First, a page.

Unix in many ways.  To position the Amiga to Unix users, who would be very
interested in its innovative solution, simply follow the same steps as the
other two markets: Sell inexpensive Ethernet cards and C++ developers kits,
and advertise in Unix publications describing the Amiga's technical
advantages for running Unix (such as SCSI hard drives and accelerated
graphics performance for X Windows). 

3) Satisfy the Potential market with Innovative hardware: I know you have
hinted you plan to port the Amiga to RISC and continue on the AAA chipset,
but there are more cost-effective innovations you can introduce today.  A
perfect example of this is the Iomega Zip drive: This drive is extremely
impressive because it combines low price (US$200 for the drive, US$20 for
each disk), high capacity and performance (100MB per disk, 1MB/sec transfer
rate), rugged construction, and quiet operation.  Power Computing, a maker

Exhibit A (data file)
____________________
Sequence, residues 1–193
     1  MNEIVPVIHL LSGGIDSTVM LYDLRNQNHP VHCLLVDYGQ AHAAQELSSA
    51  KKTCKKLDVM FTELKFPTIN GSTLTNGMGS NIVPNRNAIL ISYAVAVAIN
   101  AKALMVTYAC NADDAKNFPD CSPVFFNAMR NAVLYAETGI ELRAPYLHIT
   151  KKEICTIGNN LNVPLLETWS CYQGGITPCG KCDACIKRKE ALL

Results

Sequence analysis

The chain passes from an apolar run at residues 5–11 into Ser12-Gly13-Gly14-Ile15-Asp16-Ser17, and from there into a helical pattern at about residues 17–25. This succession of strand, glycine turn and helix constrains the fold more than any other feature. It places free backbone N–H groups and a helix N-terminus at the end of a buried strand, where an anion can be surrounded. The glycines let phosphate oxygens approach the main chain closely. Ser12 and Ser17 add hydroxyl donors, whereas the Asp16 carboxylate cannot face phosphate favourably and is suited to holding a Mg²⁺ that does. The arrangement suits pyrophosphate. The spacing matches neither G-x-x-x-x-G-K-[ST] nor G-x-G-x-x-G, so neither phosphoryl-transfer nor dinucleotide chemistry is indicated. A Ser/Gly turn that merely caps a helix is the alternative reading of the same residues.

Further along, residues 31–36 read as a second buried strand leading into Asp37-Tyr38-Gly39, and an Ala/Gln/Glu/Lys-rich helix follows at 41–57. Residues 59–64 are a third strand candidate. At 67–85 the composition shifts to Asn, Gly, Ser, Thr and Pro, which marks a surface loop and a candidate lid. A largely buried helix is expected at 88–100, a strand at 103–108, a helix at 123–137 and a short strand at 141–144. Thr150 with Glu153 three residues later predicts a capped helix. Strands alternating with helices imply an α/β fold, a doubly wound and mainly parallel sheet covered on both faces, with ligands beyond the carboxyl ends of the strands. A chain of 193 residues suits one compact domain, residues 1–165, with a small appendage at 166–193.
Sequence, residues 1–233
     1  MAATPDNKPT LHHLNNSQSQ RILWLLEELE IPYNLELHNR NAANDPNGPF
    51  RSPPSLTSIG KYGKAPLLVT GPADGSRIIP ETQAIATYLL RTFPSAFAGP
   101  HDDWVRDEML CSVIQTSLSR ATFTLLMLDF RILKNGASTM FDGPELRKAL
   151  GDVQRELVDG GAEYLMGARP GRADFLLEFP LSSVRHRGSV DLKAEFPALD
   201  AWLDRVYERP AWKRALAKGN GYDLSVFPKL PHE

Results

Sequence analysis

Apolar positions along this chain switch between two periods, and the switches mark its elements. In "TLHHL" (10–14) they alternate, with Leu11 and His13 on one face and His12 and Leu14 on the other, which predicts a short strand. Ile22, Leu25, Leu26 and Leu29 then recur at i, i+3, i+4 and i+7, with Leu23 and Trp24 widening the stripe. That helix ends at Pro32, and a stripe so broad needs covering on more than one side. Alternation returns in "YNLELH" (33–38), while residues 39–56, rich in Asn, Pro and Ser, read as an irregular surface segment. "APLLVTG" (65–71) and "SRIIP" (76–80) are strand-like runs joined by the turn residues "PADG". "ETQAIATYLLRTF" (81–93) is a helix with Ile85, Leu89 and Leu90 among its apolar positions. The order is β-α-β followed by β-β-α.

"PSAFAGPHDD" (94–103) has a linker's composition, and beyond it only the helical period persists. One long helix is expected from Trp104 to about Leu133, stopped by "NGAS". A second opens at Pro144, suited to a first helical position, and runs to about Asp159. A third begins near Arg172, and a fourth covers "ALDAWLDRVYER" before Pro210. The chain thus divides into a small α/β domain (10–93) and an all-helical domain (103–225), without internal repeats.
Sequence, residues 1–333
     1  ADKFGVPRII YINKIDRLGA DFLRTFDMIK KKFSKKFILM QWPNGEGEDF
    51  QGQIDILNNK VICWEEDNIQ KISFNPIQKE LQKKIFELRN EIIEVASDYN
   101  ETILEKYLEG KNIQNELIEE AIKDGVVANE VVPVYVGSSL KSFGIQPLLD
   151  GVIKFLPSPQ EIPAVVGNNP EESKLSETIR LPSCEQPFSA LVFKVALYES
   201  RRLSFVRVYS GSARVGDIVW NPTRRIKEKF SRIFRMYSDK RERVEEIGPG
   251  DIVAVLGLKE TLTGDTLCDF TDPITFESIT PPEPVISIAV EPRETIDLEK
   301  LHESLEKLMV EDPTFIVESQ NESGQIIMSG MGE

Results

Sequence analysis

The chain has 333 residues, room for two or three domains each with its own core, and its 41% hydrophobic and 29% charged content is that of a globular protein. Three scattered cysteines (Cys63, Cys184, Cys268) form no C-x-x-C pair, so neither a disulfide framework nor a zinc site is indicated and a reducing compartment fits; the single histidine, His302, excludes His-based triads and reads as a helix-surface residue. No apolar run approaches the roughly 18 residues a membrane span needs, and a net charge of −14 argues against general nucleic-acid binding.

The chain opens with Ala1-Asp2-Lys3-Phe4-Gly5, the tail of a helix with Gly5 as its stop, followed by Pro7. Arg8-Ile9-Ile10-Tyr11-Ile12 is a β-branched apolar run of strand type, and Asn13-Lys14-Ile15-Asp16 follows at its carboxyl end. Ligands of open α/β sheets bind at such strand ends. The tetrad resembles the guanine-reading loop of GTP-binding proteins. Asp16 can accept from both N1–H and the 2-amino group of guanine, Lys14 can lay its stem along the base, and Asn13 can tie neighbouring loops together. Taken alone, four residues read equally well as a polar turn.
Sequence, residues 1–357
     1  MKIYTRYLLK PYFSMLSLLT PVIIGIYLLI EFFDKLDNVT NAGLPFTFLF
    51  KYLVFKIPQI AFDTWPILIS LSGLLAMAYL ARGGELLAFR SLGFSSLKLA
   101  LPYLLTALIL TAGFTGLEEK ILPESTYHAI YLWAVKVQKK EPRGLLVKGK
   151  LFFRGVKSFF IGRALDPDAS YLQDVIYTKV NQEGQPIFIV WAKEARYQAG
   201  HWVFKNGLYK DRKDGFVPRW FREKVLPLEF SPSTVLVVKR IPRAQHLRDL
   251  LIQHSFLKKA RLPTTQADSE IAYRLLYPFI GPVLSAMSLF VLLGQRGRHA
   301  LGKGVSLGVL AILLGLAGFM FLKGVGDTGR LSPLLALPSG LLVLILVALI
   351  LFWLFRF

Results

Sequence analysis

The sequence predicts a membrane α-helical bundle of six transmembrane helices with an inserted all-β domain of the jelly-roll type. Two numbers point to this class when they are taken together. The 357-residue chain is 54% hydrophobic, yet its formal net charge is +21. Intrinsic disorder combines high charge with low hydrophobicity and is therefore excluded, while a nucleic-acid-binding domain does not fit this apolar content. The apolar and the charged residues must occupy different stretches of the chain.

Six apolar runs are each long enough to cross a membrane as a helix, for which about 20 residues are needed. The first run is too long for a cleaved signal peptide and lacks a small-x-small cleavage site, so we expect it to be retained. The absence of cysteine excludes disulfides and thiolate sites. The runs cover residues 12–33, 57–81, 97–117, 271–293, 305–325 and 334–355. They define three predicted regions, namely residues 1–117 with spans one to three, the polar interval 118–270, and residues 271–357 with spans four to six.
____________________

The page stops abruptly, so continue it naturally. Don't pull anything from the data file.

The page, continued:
of PowerMac clones will soon be bundling Zip drives with their computers;
Amiga should do the same.  After all, the Amiga 4000 has a built-in SCSI
port, why not take advantage of it?

If you include an internal Zip drive with every system, then you can
distribute the OS and bundled software on a single disk, which would allow
users to run the software directly from the disk, or install it on their
hard drive if they desire.  This kind of simple, innovative solution is
something the Amiga really needs.  I would strongly discourage you from
spending too much effort on long-term projects, such as RISC, when you can
introduce this kind of new technology today.  On the other hand, I would
also discourage you from trying to introduce low-end PC-clone technology,
such as IDE hard drives, which lack the kind of open expandability that the
Amiga has always had, and which would make the Amiga no different from the
ordinary PC clone. 

4) Build an affordable, powerful machine: The A1200 is far too underpowered
to sell in the U.S.  market, as I've already mentioned, so the A4000 should
be the system of choice.  You should build an economical A4000 model,
perhaps with a fast 68030 instead of a 68040, 4MB of RAM instead of 6MB, an
800MB hard drive instead of 1GB, and/or a desktop case instead of a tower.
However, do NOT try to cut the price by removing critical features such as
SCSI, the floating point coprocessor or memory-management unit (because a
machine without both an FPU and MMU can not run Unix!), or other important
features that give the Amiga a competitve edge.